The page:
Ivan Lypkivsky was one of the last in the cohort of Mykhailo Boichuk’s repressed and murdered students. He was born on September 14, 1892, into the family of Metropolitan of the Ukrainian Autocephalous Orthodox Church Rev. Vasyl Lypkivsky. In 1921, after graduating from the Kyiv Church Pedagogic School, being at quite a mature age, Lypkivsky entered the UAM (Ukrainian Academy of Arts), Mykhailo Boichuk’s studio of monumental painting. Having experienced several reorganizations of the higher educational establishments, he graduated from the Kyiv Art Institute in 1927 and became member of the ARMU (Association of Revolutionary Art of Ukraine). His works of that time included compositions in tempera technique dedicated to modern working-class topics.
However, in 1927 Lypkivsky painted Portrait of a Peasant, in which he aptly outlined with scanty artistic lines a representative of the part of Ukrainian peasantry, which was sure back in the 1920s about the inviolability of the fundamentals of the old world, for which it later paid with dekulakization and terrifying genocide, the Holodomor of 1933. This portrait was successfully displayed at the first All-Ukrainian Exhibit of the ARMU in Kharkiv.
According to contemporaries, the artist was “a quiet, not very active painter, who liked to philosophize, led a pure life and was more known as the son of ‘disgraced Metropolitan Lypkivsky.’” As soon as the repressions started among the Ukrainian intelligentsia and Ivan Vrona was fired from the office of the rector of Kyiv, “the son of Metropolitan Lypkivsky,” “responsible for the educational-art materials of the Art Institute” Ivan Lypkivsky was fired. The last thing we know about the fate of the “disloyal artist” is that he was arrested by the NKVD. According to the latest data, it happened on November 3, 1936, based on the accusations of “the participation in a nationalistic-fascist organization.”
After Boichuk was detained, the accusations in the press acquired a sinister tonality. The editorial article of the Kharkiv-based magazine Painting and Sculpture (1937. – No. 4) emphasized that as a result of “weakened vigilance of the Bolsheviks, the direct agents of fascism, Boichuk, Sedliar, and Padalka, were able for many years to lead criminal activity of saboteurs and spies under the disguise of Soviet artists. The art community failed to expose these lowdown enemies… until the bodies of proletarian dictatorship caught them red-handed.”
As it became known from the disclosed archives of the SBU in Kharkiv oblast, where the previous investigation took place, “a group of Kyiv chauvinists united around the Galician, Professor Mykhailo Boichuk, who had active anti-Soviet (on the ground of Ukrainian nationalism) moods.” His best students, his faithful friends, under the pressure of the investigators and as a result of physical torture at interrogations, started to give the evidence needed by the GPU-NKVD.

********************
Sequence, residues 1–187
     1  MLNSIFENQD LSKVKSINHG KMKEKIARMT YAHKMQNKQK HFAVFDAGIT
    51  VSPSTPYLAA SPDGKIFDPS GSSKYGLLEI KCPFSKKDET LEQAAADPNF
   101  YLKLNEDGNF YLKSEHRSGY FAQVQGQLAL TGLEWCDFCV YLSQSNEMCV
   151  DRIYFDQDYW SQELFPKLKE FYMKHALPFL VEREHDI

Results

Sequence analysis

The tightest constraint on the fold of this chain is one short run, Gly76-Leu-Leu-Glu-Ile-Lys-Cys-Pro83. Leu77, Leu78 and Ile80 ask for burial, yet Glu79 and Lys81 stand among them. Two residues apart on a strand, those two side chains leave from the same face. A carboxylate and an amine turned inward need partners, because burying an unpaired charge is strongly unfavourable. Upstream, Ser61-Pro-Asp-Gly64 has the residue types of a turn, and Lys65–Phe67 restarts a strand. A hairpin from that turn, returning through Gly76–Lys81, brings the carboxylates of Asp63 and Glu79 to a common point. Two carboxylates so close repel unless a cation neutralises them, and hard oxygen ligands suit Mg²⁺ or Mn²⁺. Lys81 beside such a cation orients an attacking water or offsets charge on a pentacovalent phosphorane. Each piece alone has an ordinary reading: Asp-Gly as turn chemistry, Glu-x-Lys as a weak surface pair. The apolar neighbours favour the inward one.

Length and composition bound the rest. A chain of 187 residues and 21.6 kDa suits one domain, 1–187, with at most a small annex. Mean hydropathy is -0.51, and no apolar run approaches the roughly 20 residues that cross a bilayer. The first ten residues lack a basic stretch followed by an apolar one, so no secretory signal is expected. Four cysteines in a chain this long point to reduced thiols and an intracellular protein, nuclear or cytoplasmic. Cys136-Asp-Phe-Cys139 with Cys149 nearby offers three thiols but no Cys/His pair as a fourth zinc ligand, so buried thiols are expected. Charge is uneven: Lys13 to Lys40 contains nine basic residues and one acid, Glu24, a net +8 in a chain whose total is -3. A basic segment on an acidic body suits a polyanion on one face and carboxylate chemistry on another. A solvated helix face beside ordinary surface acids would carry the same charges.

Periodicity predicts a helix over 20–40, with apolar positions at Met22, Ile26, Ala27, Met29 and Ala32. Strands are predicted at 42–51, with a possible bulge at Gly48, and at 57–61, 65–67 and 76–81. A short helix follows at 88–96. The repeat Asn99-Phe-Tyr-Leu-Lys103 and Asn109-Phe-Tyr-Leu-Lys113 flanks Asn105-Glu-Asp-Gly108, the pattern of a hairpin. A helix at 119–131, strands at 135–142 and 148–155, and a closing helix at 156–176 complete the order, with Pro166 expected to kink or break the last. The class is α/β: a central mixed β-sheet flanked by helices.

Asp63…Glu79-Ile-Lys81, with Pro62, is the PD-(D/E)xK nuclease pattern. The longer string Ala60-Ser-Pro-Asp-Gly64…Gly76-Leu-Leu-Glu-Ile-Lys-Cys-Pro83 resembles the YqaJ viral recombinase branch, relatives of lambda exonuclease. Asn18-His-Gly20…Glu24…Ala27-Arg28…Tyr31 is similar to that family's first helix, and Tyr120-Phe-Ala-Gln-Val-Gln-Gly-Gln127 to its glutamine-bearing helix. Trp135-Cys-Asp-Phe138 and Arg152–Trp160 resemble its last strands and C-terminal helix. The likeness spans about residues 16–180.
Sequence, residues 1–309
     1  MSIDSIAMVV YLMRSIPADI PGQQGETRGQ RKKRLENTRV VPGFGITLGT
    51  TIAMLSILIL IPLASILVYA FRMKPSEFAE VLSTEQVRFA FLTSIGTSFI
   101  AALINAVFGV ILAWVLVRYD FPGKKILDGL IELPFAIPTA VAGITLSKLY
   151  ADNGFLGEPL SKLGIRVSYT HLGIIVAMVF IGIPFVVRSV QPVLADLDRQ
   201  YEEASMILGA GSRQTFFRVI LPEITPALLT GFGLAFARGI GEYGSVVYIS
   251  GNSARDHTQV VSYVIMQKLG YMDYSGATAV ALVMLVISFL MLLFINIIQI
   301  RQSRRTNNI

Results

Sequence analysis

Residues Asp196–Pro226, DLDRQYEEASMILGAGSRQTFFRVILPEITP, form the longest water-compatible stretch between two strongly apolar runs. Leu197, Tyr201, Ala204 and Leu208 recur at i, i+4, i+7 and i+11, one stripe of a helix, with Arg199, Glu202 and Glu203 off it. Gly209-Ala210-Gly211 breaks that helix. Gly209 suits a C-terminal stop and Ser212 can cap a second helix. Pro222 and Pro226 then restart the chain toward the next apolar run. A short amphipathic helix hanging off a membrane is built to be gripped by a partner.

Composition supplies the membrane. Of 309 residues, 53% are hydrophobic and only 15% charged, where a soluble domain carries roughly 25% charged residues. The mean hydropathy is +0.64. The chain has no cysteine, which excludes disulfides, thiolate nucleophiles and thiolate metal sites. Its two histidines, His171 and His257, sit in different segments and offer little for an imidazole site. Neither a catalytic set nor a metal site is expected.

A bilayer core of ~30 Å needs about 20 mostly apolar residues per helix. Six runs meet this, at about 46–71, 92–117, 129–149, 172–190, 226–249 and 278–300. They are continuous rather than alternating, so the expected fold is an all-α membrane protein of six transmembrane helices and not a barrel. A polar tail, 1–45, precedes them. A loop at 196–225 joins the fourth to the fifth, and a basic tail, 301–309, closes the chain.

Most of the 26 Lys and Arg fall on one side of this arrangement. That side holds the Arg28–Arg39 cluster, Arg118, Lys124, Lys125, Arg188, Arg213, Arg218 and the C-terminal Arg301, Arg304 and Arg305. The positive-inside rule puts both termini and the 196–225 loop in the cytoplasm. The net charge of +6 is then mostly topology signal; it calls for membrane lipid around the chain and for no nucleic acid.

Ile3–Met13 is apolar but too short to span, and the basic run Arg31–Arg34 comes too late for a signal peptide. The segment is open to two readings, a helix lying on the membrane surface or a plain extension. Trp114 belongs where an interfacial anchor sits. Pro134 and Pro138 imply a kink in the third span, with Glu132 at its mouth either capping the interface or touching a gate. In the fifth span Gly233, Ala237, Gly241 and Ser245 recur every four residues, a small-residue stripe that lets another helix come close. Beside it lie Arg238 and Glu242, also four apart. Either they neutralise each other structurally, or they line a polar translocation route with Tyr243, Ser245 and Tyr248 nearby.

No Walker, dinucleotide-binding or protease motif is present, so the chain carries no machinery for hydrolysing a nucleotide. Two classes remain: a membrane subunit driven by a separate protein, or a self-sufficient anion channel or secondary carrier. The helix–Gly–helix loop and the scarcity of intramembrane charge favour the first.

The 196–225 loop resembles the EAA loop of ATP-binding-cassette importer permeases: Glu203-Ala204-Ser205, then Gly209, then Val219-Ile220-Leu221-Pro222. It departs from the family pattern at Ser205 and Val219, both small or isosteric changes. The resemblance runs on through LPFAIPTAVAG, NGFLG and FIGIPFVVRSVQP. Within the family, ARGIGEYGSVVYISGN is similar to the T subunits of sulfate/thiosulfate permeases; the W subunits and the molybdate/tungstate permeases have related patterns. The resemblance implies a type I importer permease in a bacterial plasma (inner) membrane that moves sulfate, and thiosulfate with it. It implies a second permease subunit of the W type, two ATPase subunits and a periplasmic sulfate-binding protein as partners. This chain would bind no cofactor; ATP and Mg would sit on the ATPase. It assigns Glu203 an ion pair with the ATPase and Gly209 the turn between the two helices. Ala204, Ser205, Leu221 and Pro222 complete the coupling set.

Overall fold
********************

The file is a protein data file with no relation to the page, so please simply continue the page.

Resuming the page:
Ivan Padalka: “...I admit my guilt of being part of the counterrevolutionary Ukrainian nationalist underground till The Day of the arrest… and a member of Boichuk-Sedliar national-fascist group… this organization hated Postyshev especially strong. Boichuk pronounced this surname with especial anger... Sedliar conducted the preparation of an attempt on Postyshev’s life.”
Vasyl Sedliar: “…the political situation in Ukraine… the beginning of the defeat of nationalistic groups… have prompted the activity of our group of artists who have consolidated around Mykhailo Bouichuk.”
Ivan Lypkivsky: “The Russification of the state and the apparatus in Ukraine is underway… the overall policy is aimed at holding repressions against Ukrainian national staff. The conscious Ukrainians are being arrested and sent to exile… it is our duty to fight this situation.”
We don’t know how Sofia Nalepinska-Boichuk looked after the interrogations and torture, the investigation case has not preserved any of her photos, but she, a faithful love and betrayed wife, “stood up to what men were unable to stand” and did not say a bad word about Boichuk.
At a closed court session in Kyiv on July 13, 1937, the case of “Boichuk’s terrorist group” was considered, and, based on the accusation of taking part in a “nationalistic fascist and terrorist organization,” all four were sentenced to the “extreme penalty – execution and confiscation of private property.” “The sentence is final and must be executed immediately,” the decision was put into action on the same day in the basement of the former Institute for Noble Maidens (currently Zhovtnevy Palace) in Kyiv (DA SBU. Case No. 267340).